This is the first in an intended series of Blogs telling the stories of some of the identities involved in the 110 years of Club Rugby in Upper Hutt to be celebrated 2019 – 2020.
I take the cue for this from the extraordinary number of families involved from the very early days as players, supporters and administrators who are still involved in some way.
Here is a photograph of the Upper Hutt Third Grade Team, Runners-Up in the Grade Championship in 1920. This photograph was included in the Upper Hutt Rugby Football Club Jubilee History 1970-1995 researched and edited by Dudley Hercock and includes team members Charlie and Stump Southee.
J A Kelliher in his publication “Upper Hutt – The History” records that the first of the Southees, millwright and then seaman John, and his second wife Sophia, nee Sharpe, with his 6 children, arrived in New Zealand in 1841 in the Lady Nugent. Their second son George with his wife Maria Sunnex were the family’s Akatarawa pioneers.
Charles and Albert Henry (Stump) commonly called “Alf” were sons of Henry Alfred, the son of George and Maria.
Alf, a Carrier and Drover by trade, was also prominent in Upper Hutt with the Axemen’s Club and was accidentally killed at Trentham in 1940 in a vehicle accident.
He gained some notoriety with the officials in Upper Hutt for his practice of understating the number of sheep he had driven through the town, thus avoiding payment of the full amount of the charge payable under the Bylaws.
Alf’s Grandson, Kerry, a prominent present day Upper Hutt Rugby identity, recalls that Grandfather Alf joined the Salvation Army as a result of some discontent with the Roman Catholic Church which his family supported. Alf’s major role was as the Collector attached to the “Sallies” Band on Friday nights canvassing Main Street in Upper Hutt.
Kerry has told me that Alf, who was Deaf, walked everywhere. It was on a walk home to Upper Hutt from the Salvation Army Church in Lower Hutt on a Sunday that he had the misfortune of being hit by a motor vehicle.
For the record Alf’s brother Chas. Southee received the award for the most improved Back in the 1912 Season.
Another Southee family connection was George Farrow, a Life Member of the UHRFC, elected in 1931. The Upper Leader, 12 March 1959 reported that at the Club’s AGM George had been congratulated on having reached the age of 80 Years – “a high scorer”.
George, Kerry’s Grandfather, was the Great Grandfather of All Black T J Perenara and Father of Terry Farrow of the Titahi Bay and Norths Clubs, the donor of the Terry Farrow Cup played annually between Upper Hutt and Norths. Terry’s mother had been born at Cross Creek and Terry in Russell Street, Upper Hutt.
Another Southee was Randall “Huckleberry/Huck Southee (Kerry’s Uncle) who played for the Club in the 1930s.
From the Upper Hutt Leader, 13 June 1940: “Another player who is a toiler, but is liable through eagerness to become offside is Southee. this player is yet another asset to the team.”
K J (Kerry) Southee played through many grades with the UHRFC and was playing with the UH Senior Second side which won its Grade in 1968, Vice-Captain in 1969, Captain 1970-72 and then moved on to coaching – Second Grade 1st Division 1973, Presidents Grade 1975 and Senior Thirds 1977. In 1965 Kerry was selected for the WRFU Senior 2nd Representative Team. He was a prodigious worker for the Club giving it the advantage of his carpentry experience and skills.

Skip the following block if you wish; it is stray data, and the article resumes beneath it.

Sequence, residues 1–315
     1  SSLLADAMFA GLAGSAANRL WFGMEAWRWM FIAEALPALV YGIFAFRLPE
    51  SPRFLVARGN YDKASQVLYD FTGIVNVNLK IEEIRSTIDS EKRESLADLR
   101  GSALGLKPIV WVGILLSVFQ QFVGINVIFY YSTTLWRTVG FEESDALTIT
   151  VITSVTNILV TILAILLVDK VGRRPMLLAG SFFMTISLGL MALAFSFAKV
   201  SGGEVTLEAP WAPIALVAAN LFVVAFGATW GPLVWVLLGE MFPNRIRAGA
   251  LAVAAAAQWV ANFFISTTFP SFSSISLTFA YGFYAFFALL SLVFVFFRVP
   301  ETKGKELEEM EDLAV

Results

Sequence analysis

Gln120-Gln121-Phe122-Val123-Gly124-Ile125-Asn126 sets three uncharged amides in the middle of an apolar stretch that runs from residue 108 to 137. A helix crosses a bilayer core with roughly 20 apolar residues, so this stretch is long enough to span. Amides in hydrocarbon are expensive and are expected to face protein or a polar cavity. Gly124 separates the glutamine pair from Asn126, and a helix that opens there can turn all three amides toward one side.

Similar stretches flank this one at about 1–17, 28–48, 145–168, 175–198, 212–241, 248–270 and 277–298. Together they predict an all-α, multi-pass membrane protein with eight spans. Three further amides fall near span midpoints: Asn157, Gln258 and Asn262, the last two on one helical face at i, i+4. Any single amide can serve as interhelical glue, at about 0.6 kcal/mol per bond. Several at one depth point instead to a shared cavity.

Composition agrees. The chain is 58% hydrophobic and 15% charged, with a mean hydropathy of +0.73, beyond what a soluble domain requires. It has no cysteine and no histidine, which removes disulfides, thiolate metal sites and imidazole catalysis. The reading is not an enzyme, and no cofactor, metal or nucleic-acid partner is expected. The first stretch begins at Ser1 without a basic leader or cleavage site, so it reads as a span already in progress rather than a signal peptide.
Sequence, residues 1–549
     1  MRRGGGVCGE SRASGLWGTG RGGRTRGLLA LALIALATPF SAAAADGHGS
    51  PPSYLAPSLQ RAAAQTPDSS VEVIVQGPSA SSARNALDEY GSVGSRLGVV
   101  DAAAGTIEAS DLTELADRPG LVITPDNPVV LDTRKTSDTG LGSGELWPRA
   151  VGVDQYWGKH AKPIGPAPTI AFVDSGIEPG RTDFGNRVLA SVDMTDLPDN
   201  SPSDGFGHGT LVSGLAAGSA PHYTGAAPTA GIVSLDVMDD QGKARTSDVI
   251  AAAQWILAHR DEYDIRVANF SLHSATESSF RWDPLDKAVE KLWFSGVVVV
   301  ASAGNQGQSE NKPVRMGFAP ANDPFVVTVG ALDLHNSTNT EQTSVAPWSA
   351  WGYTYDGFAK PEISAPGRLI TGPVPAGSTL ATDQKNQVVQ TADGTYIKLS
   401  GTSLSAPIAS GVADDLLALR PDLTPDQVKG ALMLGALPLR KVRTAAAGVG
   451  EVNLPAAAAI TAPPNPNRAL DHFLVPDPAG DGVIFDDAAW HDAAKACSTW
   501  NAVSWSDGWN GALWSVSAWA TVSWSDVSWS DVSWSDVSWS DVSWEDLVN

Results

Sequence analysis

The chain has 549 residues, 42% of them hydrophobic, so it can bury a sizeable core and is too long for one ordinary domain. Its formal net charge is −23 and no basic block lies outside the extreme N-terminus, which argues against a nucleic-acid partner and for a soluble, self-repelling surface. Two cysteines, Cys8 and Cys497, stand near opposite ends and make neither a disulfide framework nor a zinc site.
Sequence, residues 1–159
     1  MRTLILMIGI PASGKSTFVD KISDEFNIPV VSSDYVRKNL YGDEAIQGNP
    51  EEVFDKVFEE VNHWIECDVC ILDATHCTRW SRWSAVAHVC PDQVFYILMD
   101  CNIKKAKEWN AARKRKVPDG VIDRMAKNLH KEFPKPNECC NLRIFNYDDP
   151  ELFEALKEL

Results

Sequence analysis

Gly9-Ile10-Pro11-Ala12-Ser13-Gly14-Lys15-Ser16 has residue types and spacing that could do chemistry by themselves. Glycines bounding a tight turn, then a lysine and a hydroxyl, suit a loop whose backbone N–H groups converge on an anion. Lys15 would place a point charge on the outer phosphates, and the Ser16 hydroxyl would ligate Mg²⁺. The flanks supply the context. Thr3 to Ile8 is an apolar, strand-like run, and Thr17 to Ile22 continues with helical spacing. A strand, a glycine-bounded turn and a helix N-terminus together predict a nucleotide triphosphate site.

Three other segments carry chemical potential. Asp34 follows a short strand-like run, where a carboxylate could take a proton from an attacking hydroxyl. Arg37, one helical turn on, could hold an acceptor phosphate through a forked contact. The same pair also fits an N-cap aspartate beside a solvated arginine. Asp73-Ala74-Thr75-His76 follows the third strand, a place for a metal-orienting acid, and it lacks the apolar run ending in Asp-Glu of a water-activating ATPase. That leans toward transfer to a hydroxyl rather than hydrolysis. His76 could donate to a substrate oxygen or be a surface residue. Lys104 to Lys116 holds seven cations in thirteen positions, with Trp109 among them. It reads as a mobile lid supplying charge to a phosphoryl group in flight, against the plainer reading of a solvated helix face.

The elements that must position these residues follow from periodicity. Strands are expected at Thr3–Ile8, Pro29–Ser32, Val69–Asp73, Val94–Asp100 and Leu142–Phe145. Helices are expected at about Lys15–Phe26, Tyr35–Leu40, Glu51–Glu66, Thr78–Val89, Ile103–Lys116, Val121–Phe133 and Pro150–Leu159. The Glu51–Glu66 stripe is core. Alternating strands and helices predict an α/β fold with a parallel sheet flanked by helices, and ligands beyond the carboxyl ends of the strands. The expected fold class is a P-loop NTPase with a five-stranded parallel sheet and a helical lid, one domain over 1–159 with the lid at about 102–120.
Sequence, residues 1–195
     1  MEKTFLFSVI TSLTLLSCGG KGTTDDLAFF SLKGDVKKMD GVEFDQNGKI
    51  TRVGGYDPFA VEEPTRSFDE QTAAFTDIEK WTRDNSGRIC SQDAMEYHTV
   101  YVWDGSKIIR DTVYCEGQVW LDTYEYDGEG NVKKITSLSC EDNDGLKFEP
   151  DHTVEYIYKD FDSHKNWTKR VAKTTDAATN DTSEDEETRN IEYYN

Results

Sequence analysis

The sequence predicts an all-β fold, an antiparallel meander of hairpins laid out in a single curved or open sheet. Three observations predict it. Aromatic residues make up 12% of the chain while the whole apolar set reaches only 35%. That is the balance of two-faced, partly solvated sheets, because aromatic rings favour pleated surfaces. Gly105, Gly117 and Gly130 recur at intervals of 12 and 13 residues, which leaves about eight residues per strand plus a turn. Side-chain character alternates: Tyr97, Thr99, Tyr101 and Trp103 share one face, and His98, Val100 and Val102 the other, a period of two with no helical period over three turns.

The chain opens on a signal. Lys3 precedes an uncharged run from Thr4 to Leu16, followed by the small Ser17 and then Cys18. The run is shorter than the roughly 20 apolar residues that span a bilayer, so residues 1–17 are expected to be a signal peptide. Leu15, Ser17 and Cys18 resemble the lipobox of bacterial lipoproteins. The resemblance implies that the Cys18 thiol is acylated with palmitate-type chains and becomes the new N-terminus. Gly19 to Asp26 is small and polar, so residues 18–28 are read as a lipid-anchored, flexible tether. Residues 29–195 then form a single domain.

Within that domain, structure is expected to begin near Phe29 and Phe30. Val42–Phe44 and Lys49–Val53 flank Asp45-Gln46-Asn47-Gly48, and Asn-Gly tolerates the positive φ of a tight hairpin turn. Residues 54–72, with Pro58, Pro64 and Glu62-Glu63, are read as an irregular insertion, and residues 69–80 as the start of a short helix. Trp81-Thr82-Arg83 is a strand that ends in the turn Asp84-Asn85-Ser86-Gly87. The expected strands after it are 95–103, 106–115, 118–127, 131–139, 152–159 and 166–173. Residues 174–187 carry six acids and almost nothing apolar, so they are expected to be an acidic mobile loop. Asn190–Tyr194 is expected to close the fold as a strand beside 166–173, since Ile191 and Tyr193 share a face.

It is interesting to note that Rugby in Upper Hutt was not the sole domain of the Rugby Club. The Upper Hutt Leader 5 October 1961 reported that the U.H. Axemen’s Club “Last weekend a team of 26 sportsmen “flew to Nelson by a chartered aircraft to play a challenge rugby match against a combined Nelson Marlborough team. An interesting feature of the combined team was the presence of four current Nelson representatives. The combined team took the lead early in the game by using their heavier forwards thus giving their backs a decisive advantage allowing them to build up a lead of 11 points. Just before half-time lan Simpson scored a good forward- try from loose play to make the half-time score 11-3. Upper Hutt showing renewed vigour opened the scoring in the second half when Colin Rose scored between the posts from “a dribbling rush”. This try was converted narrowing the margin by .11-8. Five minutes later the ,combined team kicked a good penalty- furthering their lead by 14-8. With 10′ minutes to go Bob Christie, showing his old dash cut through their defence to run ’50 yards and score between the posts. This try was converted to make the score -14-13. With a minute to go the pace was really on. Colin Rose won a tight head on the combined 25, Gordon Wyeth ran the blind side where -a reverse pass was taken by Kerry Southee who cut through to score mid-way between the post and corner flag to clinch the game, with the final score of 16-14. This victory highlighted an undefeated season by the ‘Axemen’s’ team who scored a total of 89 points for and 31 against.”
Kerry took time out in the mining industry in Australia for a period and on his return started where he had left off leading the many maintenance projects around the Club Rooms, in particular he is remembered for the replacement of the roof.
I am hopeful that this Blog will encourage others with an interest in Upper Hutt Rugby to contribute anecdotes, pictures etc to help build a history base to back our Celebration of 110 Years of Club Rugby in Upper Hutt. Turn your memories my way at email@example.com and I would be delighted to included them in this blogging chain.
Please also help with building our contact list by signing up for our news publications via the block bottom right. Much appreciated.
4 April 2019